The City of London has made the decision not to issue permits for parades which means Jolly Ole Saint Nick is going to have to stick to virtual events and his traditional visit on Christmas.

There are three main parades that run every year in the City including the London Santa Claus Parade, the Argyle Parade, and the Hyde Park Parade.

"While we know Londoners look forward to events like the Santa Claus parade every year, we've had to make many changes and difficult decisions in our efforts to do everything we can to stop the spread of COVID-19 in our community," said City spokesperson Monika Guzy.

Randy Sidhu, Executive Director of the Argyle BIA says, "It was disappointing, the Argyle BIA has been holding the parade for about six years now, so it’s become a staple event for the community."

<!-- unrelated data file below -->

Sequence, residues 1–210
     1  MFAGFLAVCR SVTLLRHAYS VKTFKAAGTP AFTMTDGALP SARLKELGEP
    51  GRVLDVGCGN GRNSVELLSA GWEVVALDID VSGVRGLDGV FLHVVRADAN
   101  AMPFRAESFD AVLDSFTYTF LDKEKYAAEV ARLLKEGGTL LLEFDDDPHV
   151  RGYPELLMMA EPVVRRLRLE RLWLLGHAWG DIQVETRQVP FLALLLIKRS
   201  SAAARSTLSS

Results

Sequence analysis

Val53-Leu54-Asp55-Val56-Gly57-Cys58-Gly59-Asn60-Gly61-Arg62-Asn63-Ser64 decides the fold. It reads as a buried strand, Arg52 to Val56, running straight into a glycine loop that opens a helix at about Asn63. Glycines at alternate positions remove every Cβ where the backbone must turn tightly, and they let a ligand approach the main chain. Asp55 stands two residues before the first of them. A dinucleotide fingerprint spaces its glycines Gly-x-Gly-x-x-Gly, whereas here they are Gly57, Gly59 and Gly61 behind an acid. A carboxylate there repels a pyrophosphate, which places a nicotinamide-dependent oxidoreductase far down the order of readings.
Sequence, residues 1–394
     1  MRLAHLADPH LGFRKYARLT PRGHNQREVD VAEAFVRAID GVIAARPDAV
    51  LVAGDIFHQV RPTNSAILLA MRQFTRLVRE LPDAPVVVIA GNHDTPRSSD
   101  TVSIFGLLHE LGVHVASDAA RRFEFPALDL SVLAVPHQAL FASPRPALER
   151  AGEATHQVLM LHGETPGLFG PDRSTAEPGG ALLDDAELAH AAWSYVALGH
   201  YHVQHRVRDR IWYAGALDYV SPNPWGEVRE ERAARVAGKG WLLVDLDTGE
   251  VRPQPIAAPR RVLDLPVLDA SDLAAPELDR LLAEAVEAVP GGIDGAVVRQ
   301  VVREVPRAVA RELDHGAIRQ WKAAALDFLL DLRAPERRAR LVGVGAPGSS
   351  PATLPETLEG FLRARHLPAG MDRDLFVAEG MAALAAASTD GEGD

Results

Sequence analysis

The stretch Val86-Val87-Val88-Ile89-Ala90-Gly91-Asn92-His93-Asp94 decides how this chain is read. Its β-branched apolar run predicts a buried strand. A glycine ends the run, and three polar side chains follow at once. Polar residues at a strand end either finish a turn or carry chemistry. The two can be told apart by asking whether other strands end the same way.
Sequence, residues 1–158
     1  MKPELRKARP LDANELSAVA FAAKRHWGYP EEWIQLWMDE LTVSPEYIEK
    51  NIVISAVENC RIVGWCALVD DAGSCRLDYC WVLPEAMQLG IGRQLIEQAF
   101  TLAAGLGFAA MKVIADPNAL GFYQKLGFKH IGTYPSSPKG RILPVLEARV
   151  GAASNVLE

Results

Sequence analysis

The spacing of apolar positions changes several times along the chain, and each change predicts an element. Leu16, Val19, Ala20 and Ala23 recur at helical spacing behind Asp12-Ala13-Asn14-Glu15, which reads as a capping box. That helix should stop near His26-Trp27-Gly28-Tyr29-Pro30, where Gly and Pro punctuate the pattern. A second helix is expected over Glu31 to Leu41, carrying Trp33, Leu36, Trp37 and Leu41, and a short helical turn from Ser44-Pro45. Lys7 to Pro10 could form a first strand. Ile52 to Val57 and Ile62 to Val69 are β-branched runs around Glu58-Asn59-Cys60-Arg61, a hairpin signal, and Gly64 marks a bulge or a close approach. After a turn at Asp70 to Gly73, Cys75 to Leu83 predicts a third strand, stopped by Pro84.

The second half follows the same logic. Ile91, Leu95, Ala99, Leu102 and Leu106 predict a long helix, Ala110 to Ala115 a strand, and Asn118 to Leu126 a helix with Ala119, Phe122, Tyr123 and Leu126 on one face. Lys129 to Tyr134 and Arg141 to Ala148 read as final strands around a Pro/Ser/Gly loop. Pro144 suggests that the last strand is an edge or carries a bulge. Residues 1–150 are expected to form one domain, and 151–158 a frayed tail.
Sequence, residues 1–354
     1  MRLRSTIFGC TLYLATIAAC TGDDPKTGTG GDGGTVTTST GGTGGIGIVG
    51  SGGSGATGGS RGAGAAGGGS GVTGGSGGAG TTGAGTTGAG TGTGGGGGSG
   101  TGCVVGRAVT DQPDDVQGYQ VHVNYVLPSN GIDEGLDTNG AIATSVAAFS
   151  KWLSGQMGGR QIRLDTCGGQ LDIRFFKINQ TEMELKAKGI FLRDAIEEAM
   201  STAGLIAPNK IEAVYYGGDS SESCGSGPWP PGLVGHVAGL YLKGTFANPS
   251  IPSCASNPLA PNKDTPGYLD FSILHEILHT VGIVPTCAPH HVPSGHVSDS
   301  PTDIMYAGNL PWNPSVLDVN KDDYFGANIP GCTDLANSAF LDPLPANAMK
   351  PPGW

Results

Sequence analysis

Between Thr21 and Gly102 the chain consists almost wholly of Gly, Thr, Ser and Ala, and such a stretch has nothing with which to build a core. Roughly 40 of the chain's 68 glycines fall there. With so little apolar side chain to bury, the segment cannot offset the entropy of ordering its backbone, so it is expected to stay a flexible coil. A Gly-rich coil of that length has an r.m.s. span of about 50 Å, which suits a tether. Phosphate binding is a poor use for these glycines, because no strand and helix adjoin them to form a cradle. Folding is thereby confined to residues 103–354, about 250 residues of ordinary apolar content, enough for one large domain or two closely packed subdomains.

Parades have also been cancelled in Kitchener and Waterloo and in Toronto a virtual parade will be taking place. But the loss of the parade in Hyde Park is not only the loss of a joyous event, but also a key food drive for the Lions Club

"Families brought out their kids with their canned goods to give, so we could give it out to the North West Resource Centre’ food cupboard program," says Rob Harbottle, the parade organizer.

The reasoning is due to the COVID-19 pandemic and the difficulty of ensuring physical distancing throughout the event.

With gathering restrictions being rolled back as the country grapples with a second wave of infections, it leads little time to organize an event should case numbers ease off before the holiday season.

"A parade makes it difficult to stay within the limits identified for social gatherings," said Guzy.

As for another major holiday season event, the Lighting of the Lights in Victoria Park, Guzy says the city is currently looking at options for the event.

Meanwhile a spokes-elf for the North Pole said that they are prioritizing their own health and safety measures so that when Santa does come to bring presents it is in the safest manner possible.

With files from CTV's Justin Zadorsky